Vendicar and many left wingers all share one common irony: they feel that police, DoC and the military are all unnecessary due to the isolation from reality these institutions provide. Once they or their families are harmed by those they are normally protected from, their perceptions take a dramatic turn.
It has often been said "democrat is a republican that hasn't been mugged.". True? Maybe not entirely, but the thought is true enough.
antialias_physorg
5 / 5 (2) Apr 19, 2012
Who cares if potential murders are deterred; it is about punishment, not deterrence or "rehabilitation".

Tell me: How 'punished' does a dead person feel?

Deterrence only works if the perptrators:
a) are aware that the death penalty exists
b) are in a state of mind that allows them to make a rational decision before comitting murder (i.e. being in a state of mind that can consider a) )

...but if b) applies then they usually also will think about how not to get caught - so they don't really care about a)

So I can see where the death penalty really doesn't serve any purpose other than to satisfy the bloodlust of the rest of the population (much like witch-burnings did)
TheGhostofOtto1923
2.3 / 5 (6) Apr 19, 2012
Why should the state support the sick and the disabled who can't
care for themselves.

Just kill them along with all the midgets and the social deviants.

"Why should we warehouse people who have proven that they can never be set free?" - Otto
@vendecarrion

-But you would seem to want this for every decent, honorable american who accepts the need to occupy other countries just because the people there are disrespecting us -? Is this not a double standard?

Sick and disabled people who commit the same kind of crimes as those criminals in question, also probably need to be put down.

They insult the public decency and dignity. It is a further and a continued insult to feed, clothe, and house them for the rest of their lives, at the public expense. I dont think it is about punishing them, but about ending their abuse of society as a whole. It is an insult to maintain them in health and comfort after what they have done.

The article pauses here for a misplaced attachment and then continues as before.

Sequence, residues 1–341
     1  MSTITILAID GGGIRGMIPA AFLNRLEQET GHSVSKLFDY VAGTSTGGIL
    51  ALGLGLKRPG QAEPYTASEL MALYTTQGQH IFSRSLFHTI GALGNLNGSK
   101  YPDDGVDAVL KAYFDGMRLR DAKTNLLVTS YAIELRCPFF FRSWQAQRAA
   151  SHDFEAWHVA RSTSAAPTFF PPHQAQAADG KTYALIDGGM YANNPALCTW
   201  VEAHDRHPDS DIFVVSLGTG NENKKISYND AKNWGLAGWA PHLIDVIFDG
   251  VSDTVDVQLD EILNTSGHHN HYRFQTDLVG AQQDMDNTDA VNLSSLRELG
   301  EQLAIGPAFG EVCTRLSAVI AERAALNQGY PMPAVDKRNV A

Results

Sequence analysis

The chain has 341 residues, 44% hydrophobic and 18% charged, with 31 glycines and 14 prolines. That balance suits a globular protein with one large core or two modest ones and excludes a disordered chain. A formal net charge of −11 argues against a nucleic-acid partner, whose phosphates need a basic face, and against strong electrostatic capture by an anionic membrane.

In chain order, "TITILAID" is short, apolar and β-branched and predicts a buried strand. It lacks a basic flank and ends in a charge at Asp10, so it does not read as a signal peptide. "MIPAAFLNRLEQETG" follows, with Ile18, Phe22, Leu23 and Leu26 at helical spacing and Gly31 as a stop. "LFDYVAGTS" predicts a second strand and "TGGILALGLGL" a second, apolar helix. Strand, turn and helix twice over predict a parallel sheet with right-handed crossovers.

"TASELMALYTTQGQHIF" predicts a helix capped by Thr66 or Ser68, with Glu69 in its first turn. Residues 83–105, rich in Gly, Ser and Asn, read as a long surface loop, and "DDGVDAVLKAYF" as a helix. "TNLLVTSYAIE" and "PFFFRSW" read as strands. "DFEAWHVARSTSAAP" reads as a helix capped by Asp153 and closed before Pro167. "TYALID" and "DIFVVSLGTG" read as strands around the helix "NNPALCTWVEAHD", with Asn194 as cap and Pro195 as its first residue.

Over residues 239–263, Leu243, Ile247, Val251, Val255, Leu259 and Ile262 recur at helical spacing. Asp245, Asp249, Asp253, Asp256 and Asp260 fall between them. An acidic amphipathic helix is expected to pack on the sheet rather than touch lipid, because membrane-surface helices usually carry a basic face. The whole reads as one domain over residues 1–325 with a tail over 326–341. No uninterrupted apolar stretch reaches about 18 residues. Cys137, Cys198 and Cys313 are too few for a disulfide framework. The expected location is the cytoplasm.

Burnerjack
1 / 5 (2) Apr 19, 2012
Ghost, considering Vendicarian doesn't mind spend tax money in this way or even seeing the need to remove these "people" from the general population, logic says there is a fair probability that he doesn't work, pay his own way and is not exposed to the realities of the world we live in. Translation: Mommy/Daddy buy him whatever he wants, he is sequestered in his parent's basement lying around in his underwear while doing his Left Wing trolling.
Just a guess, but seems to have a high probability.
Burnerjack
2.3 / 5 (3) Apr 19, 2012
Antialias, think of it this way: It's not a deterence it's not a punishment. It is an end to the abuse they bestow to those around them. Financial abuse included. Choose to live your life in a civilized manner or you won't. Bloodlust? Nah, just putting an end to their's.
TheGhostofOtto1923
2.6 / 5 (5) Apr 21, 2012
Ghost, considering Vendicarian doesn't mind spend tax money in this way or even seeing the need to remove these "people" from the general pop
The penal system is big business. It supports legions of highly-paid and politically influential professionals as well as many associated industries.

Science does now threaten to reduce crime both through preventative treatment and direct prevention of crime itself. Monitoring and tracking tech will soon make most crime very difficult. Legal assistance and judgment can and will largely become automated.

Legions of highly paid and politically influential professionals are understandably concerned about this. New crimes are being created daily and penalties are becoming more obtuse. Simply killing criminals is not nearly as lucrative as keeping them alive.
Burnerjack
2.3 / 5 (3) Apr 21, 2012
Ghost, well said. Although more difficult, there will always be those of a predatory nature who accept breaking the laws of civility as both a personal challenge. AS WELL AS TO view with disdain those who choose to live in accordance with those laws as somehow subdude and defeated. Organized crime types come to mind, in this regard. In some perverse way, I suspect this is why personalities such as John Gotti, Whitey Bulger and the like are in some ways admired while at the same time responsible for many murders and the ruination of many more.